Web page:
Last but not least, here is the 3rd and final chapter related to the Cloud. Listed below are a few more security concerns you should bear in mind when evaluating potential providers of cloud-based services:
Insufficient Due Diligence
Most businesses are jumping feet first into cloud computing, without really understanding exactly what they are signing up for. Without a clear understanding of the type of environment a service provider is running and what protections they have in place, customers have no idea how their service provider will handle incident responses, encryption of data, and security monitoring. Not having this information means that businesses are agreeing to unknown levels of risk that are a far cry from their current risks.
Expectations between customers and service providers need to be managed. What are the contractual obligations for each party? Who’s liable for what? How much information can a customer expect to receive from the provider when an incident occurs?
Businesses may choose to move their existing applications into the Cloud. If enterprise architects don’t understand the cloud environment, their application designs may not function with proper security when run in a cloud setting.
When you login to your own Cloud account, you are essentially using your own little section of the cloud server, similar to using “Account Profiles” in Microsoft Windows. You can load your own software, and have your own settings in your profile, but you also gain the use of whatever software is accessible to all account profiles (like the Operating System).
For example, the main cloud server may run Windows, but in a virtualised world, you can run whatever operating system you like in your individual profile. This multi-layer software comes at a price though. You accumulate multiple layers of security flaws! Depending on what software you are using in your profile, and what software and plug-ins are running on the main computer processor, you are vulnerable to whatever security flaws each piece of software has.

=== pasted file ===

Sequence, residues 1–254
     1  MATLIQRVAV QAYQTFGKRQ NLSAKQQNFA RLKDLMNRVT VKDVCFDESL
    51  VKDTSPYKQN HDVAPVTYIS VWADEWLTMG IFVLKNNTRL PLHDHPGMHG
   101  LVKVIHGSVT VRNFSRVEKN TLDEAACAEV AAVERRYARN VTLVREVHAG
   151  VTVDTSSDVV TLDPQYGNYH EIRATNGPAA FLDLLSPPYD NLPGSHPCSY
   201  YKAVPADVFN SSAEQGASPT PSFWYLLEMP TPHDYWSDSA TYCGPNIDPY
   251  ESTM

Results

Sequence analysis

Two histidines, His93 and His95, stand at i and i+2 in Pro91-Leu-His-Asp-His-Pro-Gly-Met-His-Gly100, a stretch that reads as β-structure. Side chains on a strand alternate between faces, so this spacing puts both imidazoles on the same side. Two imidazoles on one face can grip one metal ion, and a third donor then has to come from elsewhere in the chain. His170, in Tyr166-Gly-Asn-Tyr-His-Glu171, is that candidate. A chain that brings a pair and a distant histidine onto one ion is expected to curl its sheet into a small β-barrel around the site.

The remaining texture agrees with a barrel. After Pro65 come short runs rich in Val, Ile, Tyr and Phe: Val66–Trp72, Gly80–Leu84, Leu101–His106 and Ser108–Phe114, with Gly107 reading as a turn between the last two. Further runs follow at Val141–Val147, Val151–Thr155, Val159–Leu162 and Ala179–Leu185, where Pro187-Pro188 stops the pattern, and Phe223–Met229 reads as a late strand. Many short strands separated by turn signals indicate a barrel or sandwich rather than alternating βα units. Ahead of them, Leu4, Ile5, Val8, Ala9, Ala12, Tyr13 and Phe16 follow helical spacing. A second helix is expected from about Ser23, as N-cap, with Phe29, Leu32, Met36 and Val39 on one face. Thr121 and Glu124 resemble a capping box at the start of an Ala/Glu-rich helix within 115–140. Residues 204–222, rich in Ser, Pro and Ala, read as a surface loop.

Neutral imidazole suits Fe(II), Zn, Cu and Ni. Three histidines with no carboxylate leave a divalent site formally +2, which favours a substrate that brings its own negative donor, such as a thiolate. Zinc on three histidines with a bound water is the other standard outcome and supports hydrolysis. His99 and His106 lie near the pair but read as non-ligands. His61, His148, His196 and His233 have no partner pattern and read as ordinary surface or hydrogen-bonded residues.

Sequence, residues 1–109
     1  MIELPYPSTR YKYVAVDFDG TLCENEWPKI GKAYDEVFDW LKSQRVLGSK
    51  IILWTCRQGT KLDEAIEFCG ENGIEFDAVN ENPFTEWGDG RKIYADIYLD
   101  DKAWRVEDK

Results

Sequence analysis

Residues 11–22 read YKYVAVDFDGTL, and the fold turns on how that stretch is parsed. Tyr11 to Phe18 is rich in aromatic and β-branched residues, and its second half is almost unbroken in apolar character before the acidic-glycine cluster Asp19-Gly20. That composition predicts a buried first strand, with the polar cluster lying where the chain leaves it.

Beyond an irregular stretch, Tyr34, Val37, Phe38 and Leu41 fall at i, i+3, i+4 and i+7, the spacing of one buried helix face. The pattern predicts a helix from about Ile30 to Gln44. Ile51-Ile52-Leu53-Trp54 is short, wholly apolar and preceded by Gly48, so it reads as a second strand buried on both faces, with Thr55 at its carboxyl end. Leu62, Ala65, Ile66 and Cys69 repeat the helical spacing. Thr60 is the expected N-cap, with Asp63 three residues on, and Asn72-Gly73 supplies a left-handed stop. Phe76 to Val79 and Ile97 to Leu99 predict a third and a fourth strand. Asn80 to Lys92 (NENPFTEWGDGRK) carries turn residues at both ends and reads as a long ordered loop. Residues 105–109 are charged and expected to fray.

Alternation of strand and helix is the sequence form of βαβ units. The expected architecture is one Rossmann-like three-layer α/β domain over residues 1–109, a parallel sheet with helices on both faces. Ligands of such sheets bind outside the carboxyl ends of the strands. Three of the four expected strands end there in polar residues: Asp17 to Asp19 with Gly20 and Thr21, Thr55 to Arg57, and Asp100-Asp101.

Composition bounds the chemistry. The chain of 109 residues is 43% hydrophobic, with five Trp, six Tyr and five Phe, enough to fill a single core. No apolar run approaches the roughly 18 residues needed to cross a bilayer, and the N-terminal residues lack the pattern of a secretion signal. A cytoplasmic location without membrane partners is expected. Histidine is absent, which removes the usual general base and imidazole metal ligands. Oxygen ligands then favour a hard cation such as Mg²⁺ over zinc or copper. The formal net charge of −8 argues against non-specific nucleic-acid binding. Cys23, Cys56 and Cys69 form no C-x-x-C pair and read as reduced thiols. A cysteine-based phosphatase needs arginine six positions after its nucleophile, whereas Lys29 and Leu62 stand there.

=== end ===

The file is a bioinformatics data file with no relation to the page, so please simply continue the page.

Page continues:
The cloud is all about shared infrastructure, and an incorrectly configured operating system or application can affect all those using that particular cloud service. Defensive processes should be put in place for the use of compute, storage, networking, applications, and user access. Users should monitor for destructive behaviours.
Secure Data Transfer
There is an Internet connection between your PC and the Cloud and all data traffic must travel across this connection. There is always potential for someone to intercept the data while it is in transit if the connection is not secured. Only connect to your cloud provider using an “https” URL. Ensuring your data is encrypted and authenticated using protocols such as Internet Protocol Security (IPSec), will mean that your Internet traffic is protected. Also, for many home users, they forget to set up a secure Wireless Network. By having unsecured Wireless, not only can someone living close by use your Internet connection, but hackers have an open door into your network too.
Secure Software Interface
Users should be aware of Application Programming Interfaces (APIs) used to interact with their cloud service. Weak APIs with numerous security flaws can open up users to issues related to confidentiality, integrity, availability, and accountability if hackers create fake web pages, which look like your Cloud login page, to steal credentials. You should learn how any potential cloud provider integrates security throughout its service, from authentication and access control techniques to activity monitoring policies.
Secure Stored Data
All files stored on cloud servers should be encrypted; otherwise a hacker can simply copy files and open them easily. Check with any cloud providers you are considering, as to how they secure your data when it is both in transit and also when it’s on their servers and being accessed through cloud-based applications. It is also important to find out how the providers securely dispose of your data (by deleting the encryption key, for example).
User Access Control
Any data stored on a cloud server can potentially be accessed by an employee of the cloud provider and you have no control over those personnel. Ask providers about the employees who manage your data and what level of access they have to it. You should also think about the sensitivity of the data you are storing in the Cloud. Be aware that it is a potential security risk if email, for instance, is stored in the Cloud.
In conclusion, all of the security issues covered in our 3-part blog article should definitely be addressed with your cloud provider before you entrust your data to their servers and applications. However, you should not be deterred from using the Cloud. Cloud computing offers small businesses a great deal of benefits. If you think about it, you have already encountered most of the security challenges detailed above from simply connecting your network to the Internet.